Finding and Retaining Qualified IR Analysts

Ask eAIR invites questions from AIR members about the work of institutional research, careers in the field, and other broad topics that resonate with a large cross-section of readers. If you are interested in writing an eAIR article, or have an interesting topic, please contact eAIR@airweb.org.

This month’s question is answered by Leslie Gindro, Dean of Institutional Research, Regis College.

ask-eAIR-v1.pngThe ideas, opinions, and perspectives expressed are those of the authors, and not necessarily of AIR. Subscribers are invited to join the discussion by commenting at the end of the article.

Dear Leslie: We have some difficulty finding and retaining qualified and gifted analysts in our IR office. What are some tips for professional development and working conditions that would result in better long-term employment stability in this key position?

I feel your pain. The loss of a key member of a smoothly functioning IR office can be a real challenge. While we never want to stifle the professional and career development of our colleagues, we do want to consider the benefits of keeping well-qualified and experienced employees contentedly in place whenever possible.

  • First, ask if this is a recurring situation in your department. A long-time employee who leaves to make an upward mobility move may not be a sign of concern, but rather a compliment to the professional development provided by your office. If you experience more frequent turnover, there may be some local conditions that are making it difficult for your analysts to stay with you.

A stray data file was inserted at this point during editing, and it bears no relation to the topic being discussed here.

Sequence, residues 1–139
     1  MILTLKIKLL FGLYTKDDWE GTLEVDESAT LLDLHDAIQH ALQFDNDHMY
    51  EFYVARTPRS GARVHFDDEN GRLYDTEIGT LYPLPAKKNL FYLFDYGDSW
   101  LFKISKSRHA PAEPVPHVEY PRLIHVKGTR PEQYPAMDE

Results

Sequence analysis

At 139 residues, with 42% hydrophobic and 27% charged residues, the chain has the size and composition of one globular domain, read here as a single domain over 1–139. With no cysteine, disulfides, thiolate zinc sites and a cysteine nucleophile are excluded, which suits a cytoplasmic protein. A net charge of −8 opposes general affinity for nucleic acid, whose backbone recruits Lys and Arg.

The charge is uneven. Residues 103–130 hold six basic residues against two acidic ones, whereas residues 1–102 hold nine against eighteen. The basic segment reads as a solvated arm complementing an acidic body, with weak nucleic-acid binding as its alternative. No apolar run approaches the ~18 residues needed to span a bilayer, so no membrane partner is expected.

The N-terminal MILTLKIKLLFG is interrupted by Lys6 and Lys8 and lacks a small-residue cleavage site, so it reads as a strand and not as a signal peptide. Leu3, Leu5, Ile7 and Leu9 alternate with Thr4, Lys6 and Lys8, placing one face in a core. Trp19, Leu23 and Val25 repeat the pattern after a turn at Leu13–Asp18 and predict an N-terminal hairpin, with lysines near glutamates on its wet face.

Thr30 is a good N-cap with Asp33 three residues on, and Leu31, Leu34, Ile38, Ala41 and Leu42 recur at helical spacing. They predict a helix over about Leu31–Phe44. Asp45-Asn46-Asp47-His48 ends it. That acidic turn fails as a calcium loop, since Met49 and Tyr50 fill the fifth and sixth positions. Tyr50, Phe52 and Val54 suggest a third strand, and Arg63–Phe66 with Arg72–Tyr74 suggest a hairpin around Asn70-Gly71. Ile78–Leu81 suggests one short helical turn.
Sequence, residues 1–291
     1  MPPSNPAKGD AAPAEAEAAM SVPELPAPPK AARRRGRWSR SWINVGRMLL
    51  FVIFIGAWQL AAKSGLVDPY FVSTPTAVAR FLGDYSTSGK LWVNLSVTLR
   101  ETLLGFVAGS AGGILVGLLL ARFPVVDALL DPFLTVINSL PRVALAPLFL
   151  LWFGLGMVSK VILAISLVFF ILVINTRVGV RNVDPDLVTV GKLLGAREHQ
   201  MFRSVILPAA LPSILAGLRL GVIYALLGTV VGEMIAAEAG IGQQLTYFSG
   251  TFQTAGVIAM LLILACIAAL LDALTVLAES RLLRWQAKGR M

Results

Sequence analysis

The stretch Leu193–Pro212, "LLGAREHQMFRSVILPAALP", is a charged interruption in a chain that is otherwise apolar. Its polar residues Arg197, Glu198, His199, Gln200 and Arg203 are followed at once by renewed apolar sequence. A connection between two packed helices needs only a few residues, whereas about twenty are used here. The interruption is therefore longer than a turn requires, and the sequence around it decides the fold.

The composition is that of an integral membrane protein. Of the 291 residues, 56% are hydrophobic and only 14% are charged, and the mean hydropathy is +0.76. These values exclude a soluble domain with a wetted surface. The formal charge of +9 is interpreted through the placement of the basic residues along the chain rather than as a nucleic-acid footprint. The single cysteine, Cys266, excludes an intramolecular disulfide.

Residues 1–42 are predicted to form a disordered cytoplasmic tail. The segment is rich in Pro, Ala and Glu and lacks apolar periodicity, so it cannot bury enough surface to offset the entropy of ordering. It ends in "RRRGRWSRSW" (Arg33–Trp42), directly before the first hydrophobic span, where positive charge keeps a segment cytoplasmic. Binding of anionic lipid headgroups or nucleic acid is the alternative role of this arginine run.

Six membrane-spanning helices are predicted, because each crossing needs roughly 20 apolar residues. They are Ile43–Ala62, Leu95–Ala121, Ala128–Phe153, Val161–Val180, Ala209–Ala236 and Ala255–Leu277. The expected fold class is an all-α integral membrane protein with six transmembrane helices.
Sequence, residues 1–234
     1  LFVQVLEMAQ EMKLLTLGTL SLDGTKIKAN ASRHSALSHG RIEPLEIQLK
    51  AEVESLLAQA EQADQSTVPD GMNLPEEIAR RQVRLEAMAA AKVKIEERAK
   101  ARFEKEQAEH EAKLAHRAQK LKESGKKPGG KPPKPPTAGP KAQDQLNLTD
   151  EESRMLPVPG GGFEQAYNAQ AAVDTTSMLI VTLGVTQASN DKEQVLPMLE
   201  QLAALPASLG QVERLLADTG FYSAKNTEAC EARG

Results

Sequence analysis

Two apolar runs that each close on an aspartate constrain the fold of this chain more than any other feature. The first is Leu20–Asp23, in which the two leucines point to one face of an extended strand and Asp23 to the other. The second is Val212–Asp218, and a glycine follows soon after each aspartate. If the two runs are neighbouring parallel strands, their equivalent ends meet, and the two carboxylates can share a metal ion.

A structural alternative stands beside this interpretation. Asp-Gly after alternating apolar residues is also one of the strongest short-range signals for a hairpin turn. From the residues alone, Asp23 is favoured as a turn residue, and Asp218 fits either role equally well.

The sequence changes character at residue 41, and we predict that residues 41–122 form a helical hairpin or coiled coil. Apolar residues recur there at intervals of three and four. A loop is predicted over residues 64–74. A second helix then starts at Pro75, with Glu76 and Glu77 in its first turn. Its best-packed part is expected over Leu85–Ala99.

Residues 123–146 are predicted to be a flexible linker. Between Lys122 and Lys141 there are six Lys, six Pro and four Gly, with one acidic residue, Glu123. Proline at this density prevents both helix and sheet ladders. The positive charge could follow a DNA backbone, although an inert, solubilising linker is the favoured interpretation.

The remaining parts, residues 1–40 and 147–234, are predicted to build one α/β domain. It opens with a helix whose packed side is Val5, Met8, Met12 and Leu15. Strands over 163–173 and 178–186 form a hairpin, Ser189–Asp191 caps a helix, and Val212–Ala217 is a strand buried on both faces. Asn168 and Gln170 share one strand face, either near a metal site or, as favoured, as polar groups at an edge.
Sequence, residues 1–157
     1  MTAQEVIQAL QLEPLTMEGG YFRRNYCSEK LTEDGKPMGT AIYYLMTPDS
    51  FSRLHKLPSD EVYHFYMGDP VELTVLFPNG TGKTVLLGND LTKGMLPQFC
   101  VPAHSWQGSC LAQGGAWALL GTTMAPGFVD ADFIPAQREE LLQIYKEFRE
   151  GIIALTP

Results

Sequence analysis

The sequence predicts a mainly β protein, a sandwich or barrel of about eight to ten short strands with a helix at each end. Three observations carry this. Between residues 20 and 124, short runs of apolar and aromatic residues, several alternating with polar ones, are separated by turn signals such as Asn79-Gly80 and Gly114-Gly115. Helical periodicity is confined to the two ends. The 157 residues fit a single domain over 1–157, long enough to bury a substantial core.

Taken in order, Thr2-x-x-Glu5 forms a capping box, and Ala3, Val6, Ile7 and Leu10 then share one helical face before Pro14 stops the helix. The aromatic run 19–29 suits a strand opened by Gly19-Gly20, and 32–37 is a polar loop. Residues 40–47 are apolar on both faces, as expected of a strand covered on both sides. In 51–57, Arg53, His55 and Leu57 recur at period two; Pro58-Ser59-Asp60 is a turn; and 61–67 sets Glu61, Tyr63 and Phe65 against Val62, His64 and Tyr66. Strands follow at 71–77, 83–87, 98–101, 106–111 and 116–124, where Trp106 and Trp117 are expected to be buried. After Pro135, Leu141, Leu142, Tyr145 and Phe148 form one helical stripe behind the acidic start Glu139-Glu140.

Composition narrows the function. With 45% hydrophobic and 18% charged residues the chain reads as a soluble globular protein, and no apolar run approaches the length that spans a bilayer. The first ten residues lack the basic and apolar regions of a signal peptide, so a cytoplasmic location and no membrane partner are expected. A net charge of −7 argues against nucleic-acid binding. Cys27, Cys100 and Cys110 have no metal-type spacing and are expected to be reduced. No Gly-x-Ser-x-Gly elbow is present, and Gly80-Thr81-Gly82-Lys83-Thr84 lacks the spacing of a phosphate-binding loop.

• Second, while pay isn’t the only thing, it is one of the necessary things. How long has it been since you had a good look at your peer schools and aspirational schools for pay scale comparisons? Are your vacation and benefits up to the market?

    Other Considerations

    • Remember to offer public acknowledgement of an employee’s contributions. We are successful because they are.
    • Have occasional goofy fun in the office, even when things are stacked eye-high on the to-do list.
    • Remember work-life balance as much as possible.


     

  • Third, do you have sufficient support for professional development? Many places are experiencing economic stress and going to more of a “free webinars/local workshops” model. While this is a viable shift in the short term, in the longer term it may be helpful to send key employees to a larger regional or national event every few years. There are two reasons for this:

    1. There is the obvious currency and innovative idea shopping that happens at these larger events. The vendors are there in greater numbers, and there is a nice expectation-setting function that keeps us all reaching for improvement upon our return.

    2. It’s fun! Even if you only do one larger event every few years, it is important to confer with colleagues over a meal, realize we have similar concerns based in larger external drivers, gain some new ideas, and feel rewarded for being a valuable member of the unit.

I would bet that our astute colleagues have additional suggestions. What makes you get up and go into work every morning? Let us know in the comments section, below:

 

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